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Link Roundup! – 4/18/15
In the most recent post on Bitter Gertrude, Melissa Hillman examines the negative online reactions that the photo below received and how it highlights the importance of engaging with young audiences on their own terms:
We talk a lot about wanting to engage the rising generation in theatre, and I’m seeing a lot of “what can we do about this?” commentary on this picture. Listen: If you want to engage the rising generation, the first thing you need to do is stop lying to yourself about them. You’ll fail to engage them if you don’t approach them with honesty…This is exactly why 99.999% of “audience engagement strategies” fail miserably to bring in young, diverse audiences. This is why “tweet seats” failed. We’re not looking at this generation honestly. Instead we look at studies designed from the outset to confirm our hypotheses. We make assumptions about how the rising generation thinks and feels based on how they make us think and feel. We refuse to engage them on their own terms, instead dictating the terms to them and then blaming them for boorishness when they fail to meet them.
Seth Lepore’s HowlRound essay about the importance of entrepreneurship and the blind many college theatre programs have about it has been getting lots of online buzz this week:
The blind spot of most college professors needs to be understood for what it is. A lot of college teachers who are tenure track have been in school their whole lives. Creating their own work has been in the context of academia and the relationship to both process and theory. Practitioners in the academy always have a place to rehearse and develop new work. They don’t have to worry whether people attend the performance and if it will break even or not. When showing a new work, they are part of an infrastructure that already subsidizes them. The business skill set doesn’t seem to fit into “What Would Artaud Do?” They are focused on students building a performance skill set. I’ve actually heard some of these well-meaning professors say “If they want that information, they can take a course with the business school.”
This Guardian post about ditching the label “fringe” theatre is speaking about UK stages, but it’s a good question to consider in the US as well:
Ditching the label “fringe” would put all theatre-makers on an equal footing, wherever they work and in whatever form. It would stop the segmentation of audiences into those who do fringe and those who don’t. It would prevent grant-makers and funders from taking refuge in the labels, and saying “Well we don’t fund that kind of theatre, we only fund this kind of theatre”. And it would be a statement to the effect that, in these testing times, we are all in it together – and that means what resources are available have to be shared and available to all.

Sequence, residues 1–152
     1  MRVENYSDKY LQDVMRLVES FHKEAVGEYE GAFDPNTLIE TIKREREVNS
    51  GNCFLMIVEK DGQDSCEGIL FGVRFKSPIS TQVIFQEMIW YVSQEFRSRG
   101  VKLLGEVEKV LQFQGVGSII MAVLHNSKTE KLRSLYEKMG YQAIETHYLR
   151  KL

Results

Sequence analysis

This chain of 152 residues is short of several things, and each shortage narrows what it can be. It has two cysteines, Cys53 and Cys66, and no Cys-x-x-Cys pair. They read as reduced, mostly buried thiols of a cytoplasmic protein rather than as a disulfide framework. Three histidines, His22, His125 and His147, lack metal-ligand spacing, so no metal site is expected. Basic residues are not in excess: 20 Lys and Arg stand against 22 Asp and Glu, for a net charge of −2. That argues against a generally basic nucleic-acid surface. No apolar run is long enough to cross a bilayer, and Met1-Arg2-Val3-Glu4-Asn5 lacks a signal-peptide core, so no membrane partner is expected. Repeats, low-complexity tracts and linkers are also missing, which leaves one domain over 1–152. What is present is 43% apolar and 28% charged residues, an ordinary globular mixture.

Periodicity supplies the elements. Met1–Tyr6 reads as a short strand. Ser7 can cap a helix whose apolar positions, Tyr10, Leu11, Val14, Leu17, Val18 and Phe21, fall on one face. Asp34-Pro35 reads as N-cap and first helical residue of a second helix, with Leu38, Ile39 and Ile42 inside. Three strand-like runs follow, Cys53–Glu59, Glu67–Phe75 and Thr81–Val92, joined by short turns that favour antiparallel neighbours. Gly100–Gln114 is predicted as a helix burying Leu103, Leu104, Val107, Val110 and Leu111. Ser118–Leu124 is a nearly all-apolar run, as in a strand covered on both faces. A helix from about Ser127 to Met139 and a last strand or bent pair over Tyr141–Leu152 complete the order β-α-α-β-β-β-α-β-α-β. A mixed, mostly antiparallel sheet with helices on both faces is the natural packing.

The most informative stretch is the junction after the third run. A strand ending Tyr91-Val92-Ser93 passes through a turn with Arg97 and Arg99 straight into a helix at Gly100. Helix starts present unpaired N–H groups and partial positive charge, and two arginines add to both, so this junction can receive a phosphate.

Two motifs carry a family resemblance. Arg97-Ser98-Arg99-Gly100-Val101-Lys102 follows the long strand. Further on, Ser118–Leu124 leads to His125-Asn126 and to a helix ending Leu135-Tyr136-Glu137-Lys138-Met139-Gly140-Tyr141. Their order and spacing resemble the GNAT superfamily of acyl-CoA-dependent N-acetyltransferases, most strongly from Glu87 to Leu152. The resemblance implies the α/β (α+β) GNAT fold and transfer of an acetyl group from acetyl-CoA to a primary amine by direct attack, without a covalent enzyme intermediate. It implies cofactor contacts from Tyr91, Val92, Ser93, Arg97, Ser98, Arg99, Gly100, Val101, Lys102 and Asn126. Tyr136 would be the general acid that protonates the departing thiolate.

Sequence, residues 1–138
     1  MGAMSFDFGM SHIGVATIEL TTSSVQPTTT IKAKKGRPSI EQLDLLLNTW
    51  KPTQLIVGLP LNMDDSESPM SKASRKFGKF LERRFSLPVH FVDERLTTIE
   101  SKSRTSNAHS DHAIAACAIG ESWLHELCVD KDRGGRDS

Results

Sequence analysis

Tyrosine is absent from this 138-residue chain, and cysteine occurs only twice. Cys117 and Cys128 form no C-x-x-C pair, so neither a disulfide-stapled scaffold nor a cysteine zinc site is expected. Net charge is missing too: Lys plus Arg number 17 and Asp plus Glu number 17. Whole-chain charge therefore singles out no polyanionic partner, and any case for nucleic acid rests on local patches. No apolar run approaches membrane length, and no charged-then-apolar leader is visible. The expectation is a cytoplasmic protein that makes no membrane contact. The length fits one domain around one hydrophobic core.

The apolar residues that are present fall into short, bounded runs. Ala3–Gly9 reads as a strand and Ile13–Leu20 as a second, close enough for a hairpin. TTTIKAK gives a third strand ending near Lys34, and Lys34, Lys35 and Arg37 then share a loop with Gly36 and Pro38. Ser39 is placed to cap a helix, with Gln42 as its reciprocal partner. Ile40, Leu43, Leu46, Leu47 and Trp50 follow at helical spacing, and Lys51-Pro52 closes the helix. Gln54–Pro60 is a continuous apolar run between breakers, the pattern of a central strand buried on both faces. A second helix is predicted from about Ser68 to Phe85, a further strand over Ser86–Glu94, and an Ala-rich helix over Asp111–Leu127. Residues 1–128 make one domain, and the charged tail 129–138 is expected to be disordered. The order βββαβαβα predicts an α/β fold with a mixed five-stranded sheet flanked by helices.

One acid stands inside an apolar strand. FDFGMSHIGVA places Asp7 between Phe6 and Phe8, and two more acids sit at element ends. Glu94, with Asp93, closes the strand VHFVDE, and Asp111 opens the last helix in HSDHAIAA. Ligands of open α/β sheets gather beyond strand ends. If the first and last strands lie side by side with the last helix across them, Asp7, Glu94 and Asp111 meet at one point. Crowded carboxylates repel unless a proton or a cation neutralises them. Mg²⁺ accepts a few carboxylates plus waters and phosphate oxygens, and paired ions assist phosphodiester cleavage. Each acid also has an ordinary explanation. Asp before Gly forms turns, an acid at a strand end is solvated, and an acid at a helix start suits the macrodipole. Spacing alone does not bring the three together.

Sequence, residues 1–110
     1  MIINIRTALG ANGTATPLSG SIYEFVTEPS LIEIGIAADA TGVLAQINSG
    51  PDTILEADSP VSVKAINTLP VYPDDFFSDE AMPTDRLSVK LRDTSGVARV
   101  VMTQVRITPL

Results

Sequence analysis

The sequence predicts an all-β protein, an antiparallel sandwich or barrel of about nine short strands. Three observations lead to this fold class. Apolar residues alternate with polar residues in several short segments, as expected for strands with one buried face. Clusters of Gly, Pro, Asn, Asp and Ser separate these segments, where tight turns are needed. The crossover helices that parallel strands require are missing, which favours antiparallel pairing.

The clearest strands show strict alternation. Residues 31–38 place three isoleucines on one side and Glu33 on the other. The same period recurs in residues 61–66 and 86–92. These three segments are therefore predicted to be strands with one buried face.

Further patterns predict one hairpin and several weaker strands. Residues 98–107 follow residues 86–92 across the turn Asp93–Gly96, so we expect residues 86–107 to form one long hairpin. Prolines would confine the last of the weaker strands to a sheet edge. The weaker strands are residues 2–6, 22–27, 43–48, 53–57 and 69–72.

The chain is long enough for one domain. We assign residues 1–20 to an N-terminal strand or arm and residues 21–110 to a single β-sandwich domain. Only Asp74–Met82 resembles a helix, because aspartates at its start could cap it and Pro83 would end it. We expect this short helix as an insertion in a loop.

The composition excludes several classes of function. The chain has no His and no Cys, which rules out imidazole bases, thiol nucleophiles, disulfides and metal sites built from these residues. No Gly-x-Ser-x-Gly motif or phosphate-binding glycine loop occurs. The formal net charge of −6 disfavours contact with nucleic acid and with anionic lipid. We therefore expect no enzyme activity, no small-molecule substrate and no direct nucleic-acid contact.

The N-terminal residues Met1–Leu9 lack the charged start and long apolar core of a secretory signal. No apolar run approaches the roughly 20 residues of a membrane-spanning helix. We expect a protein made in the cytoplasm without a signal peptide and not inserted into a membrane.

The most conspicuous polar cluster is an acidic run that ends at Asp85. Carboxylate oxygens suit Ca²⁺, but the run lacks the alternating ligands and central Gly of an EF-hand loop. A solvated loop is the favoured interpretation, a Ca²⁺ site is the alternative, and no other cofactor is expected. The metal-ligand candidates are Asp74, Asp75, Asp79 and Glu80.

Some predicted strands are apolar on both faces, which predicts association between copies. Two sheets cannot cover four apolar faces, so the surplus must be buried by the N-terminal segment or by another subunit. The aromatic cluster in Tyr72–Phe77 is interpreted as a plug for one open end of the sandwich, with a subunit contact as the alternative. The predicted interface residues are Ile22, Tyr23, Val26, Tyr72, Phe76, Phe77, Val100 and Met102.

Dance USA takes a look between the lines of the recent NEA report about arts audiences and their barriers to attendance:
I believe these barriers may be euphemisms — proxies for the tradeoff in value that people find in live attendance at the performing arts, as they consider other possible options on how to spend their time. After all, many non-attenders within the NEA’s demographics likely find time and money to throw holiday parties, plan weddings, attend sporting events, or watch movies. Yet time is a precious commodity. We must remember that we ask our audiences to invest a lot of their time and financial capital in attending dance performances. In 2007, Next Gen Consulting conducted a sizable study of arts audiences, and found that when considering the time that audiences dedicate to a paid arts and culture event or experience in its entirety, only about 35 percent of that time is spent enjoying the artistic experience itself. The majority of patrons’ time — a whopping 65 percent — is spent on “four other phases of the patron experience,” which Next Gen defines as information gathering, committing, arriving, and post-event (including post-show events, talking about the show, and traveling home). So on top of spending cash for tickets, two-thirds of audiences’ time and effort are expended before and after the few hours they are in the theater.